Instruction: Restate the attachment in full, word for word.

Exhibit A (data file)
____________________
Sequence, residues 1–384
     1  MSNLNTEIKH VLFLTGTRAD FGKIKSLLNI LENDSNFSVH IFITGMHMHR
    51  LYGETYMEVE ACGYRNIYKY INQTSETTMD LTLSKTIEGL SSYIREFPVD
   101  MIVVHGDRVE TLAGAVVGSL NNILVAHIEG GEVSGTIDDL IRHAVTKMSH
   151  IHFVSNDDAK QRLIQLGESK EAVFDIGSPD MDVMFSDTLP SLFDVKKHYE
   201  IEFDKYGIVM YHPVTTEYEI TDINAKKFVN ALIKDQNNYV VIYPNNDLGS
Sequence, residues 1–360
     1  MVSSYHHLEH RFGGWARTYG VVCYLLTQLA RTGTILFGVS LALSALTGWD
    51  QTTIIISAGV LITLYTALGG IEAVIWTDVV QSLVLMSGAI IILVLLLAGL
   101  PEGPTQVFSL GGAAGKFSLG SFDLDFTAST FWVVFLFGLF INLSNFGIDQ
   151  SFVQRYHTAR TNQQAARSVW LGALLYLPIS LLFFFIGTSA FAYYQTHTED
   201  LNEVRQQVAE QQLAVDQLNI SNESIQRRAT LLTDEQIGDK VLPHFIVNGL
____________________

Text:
Sequence, residues 1–384
     1  MSNLNTEIKH VLFLTGTRAD FGKIKSLLNI LENDSNFSVH IFITGMHMHR
    51  LYGETYMEVE ACGYRNIYKY INQTSETTMD LTLSKTIEGL SSYIREFPVD
   101  MIVVHGDRVE TLAGAVVGSL NNILVAHIEG GEVSGTIDDL IRHAVTKMSH
   151  IHFVSNDDAK QRLIQLGESK EAVFDIGSPD MDVMFSDTLP SLFDVKKHYE
   201  IEFDKYGIVM YHPVTTEYEI TDINAKKFVN ALIKDQNNYV VIYPNNDLGS
Sequence, residues 1–360
     1  MVSSYHHLEH RFGGWARTYG VVCYLLTQLA RTGTILFGVS LALSALTGWD
    51  QTTIIISAGV LITLYTALGG IEAVIWTDVV QSLVLMSGAI IILVLLLAGL
   101  PEGPTQVFSL GGAAGKFSLG SFDLDFTAST FWVVFLFGLF INLSNFGIDQ
   151  SFVQRYHTAR TNQQAARSVW LGALLYLPIS LLFFFIGTSA FAYYQTHTED
   201  LNEVRQQVAE QQLAVDQLNI SNESIQRRAT LLTDEQIGDK VLPHFIVNGL